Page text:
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EP59 - The Value of a Mission-Critical, Demand-Driven Asset Class with David Lynn (Part 2 of 2)

This week’s episode is the second in a two-part series that features David Lynn. He is the president and chief investment officer of Healthcare MOB REIT at White Oak Healthcare Finance. We discuss the resiliency of the healthcare real estate asset class that held its value through the pandemic, and we get to know more about David as well.

In this episode, we talk about…

[1:57] The pandemic’s effect on underwriting new properties

Throughout the pandemic, David and his company considered the current and potential future impact of COVID. Typically, there wasn’t much of an impact with the healthcare real estate asset class.


[2:29] What to look for in properties moving forward

Moving forward, he thinks they will pay more attention to clean buildings and how to purify the air that is circulated. The HVAC and filters will be important to look at, as well as having PPE available gratis in the building lobbies. Those new protocols may be permanent or semi-permanent. In addition, they may look at UV lights and the efficacy of killing bacteria and viruses within the buildings.

Bathrooms and water fountains will be important areas as well, as it may become a long-term solution to supply hand sanitizer in multiple locations around the building. Particularly in medical settings, people may be more comfortable wearing face masks and having sanitizer available. 


[4:54] The roadmap for Healthcare MOB REIT over the next three to five years

Over the next few years, David foresees more of the same for his business. They aren’t focusing on any one city or region, as most people age in place. The majority of people don’t go to Florida or Phoenix to retire. They will continue to look at the demographics of the area and the specifics of the building as part of their due diligence.


[5:43] Supply and demand in the healthcare real estate market

David thinks there is a rough equilibrium, leaning toward a shortage of supply. These buildings aren’t built overnight, and there are often regulatory issues. There could probably be some more development to meet the demand, but we also don’t want the market to be flooded. 

Demand is increasing as the population ages. There are more maladies, but also more medical technology that can be applied. COVID has also put health front and center for many people, especially those with pre-existing conditions. For anyone who has been exposed or has gotten the virus, there might be long-term effects we aren’t aware of yet. Many people have deferred going to the doctor during the pandemic, so there is a lot of pent-up demand ranging from critical and chronic issues to checkups. The demand will certainly be something to watch over the next two to three years.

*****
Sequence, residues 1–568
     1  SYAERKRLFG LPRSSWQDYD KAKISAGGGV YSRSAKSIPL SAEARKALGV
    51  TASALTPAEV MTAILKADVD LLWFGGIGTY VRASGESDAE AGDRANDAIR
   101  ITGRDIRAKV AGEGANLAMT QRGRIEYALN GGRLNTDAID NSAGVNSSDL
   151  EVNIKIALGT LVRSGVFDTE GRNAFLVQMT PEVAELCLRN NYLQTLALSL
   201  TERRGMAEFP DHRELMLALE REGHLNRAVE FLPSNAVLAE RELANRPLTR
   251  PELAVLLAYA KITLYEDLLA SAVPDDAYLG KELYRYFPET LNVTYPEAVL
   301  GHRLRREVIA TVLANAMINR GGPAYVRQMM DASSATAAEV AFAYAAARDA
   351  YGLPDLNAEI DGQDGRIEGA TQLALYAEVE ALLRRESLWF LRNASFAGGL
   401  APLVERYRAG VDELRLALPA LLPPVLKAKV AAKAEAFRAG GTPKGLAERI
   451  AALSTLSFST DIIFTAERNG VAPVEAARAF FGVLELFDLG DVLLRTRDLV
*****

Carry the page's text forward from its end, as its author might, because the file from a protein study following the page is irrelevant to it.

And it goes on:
[9:59] David’s thoughts on how the U.S. economy will recover post-pandemic

Anytime you suppress the economy, you tend to have a rebound recovery effect. David sees us going through that right now. There is a shortage of employees, and many industries are growing very quickly. Construction is growing like wildfire, and David thinks that recovery will be strong this year.

People are getting back to work and spending more money.  They are beginning to invest again, even if they have deferred investment during the pandemic. David hopes the U.S.  has learned that we have to manufacture more here. During the pandemic, we were a little flat-footed when it came to medical supplies. We had to wait for a lot of things that we needed during the pandemic because they had to be imported from other countries. 

Compared to other countries, David thinks the U.S. will do better than Europe in the upcoming years. Europe is more of a regional economy. He thinks China will always outpace us, growing 8-9% or higher this year. He sees other emerging markets doing well and the global economy becoming robust.

[12:34] David’s first job mowing lawns

As far as he can remember, David’s first job was doing yard work for a neighbor. He was watching TV and the neighbor peeked in the door and told him he would give him a couple bucks to mow his lawn. When he started to take on other jobs, his hourly rate was $1.25. He did handiwork, yard work, and eventually added a paper route as well.


[13:17] What David would be doing if he wasn’t in healthcare real estate

When he was younger, David dreamed of being a professional ice cream taster or a television critic. He loves what he does now, as he is very interested in investing and economics. At one point, David considered being an architect. He decided he didn’t have the drawing skills for that, but his interest morphed into investment in, and development of, buildings. It is hard for him to imagine doing anything different.

[14:31] What David reads for inspiration and information

David reads the Financial Times, the Wall Street Journal, and magazines he gets for being an alum of MIT. He also enjoys reading books.


[15:44] What David does for self-care

While he admits to becoming more sedentary during the pandemic, he does enjoy reading daily. He used to work out every day and try to play a team sport with people as well, and he would like to get back to that.


[17:58] Whether leaders are born or trained

David believes that leaders are trained. He thinks anybody can be a leader. It is your experiences – your failures, your setbacks, and your determination – that mold you into a leader. One of the keys is sticking your neck out, taking responsibility, and thinking about other people.

He also points out that young people can take on activities like being a scout, being on sports teams, and being a leader in the classroom, in order to hone leadership skills over time.

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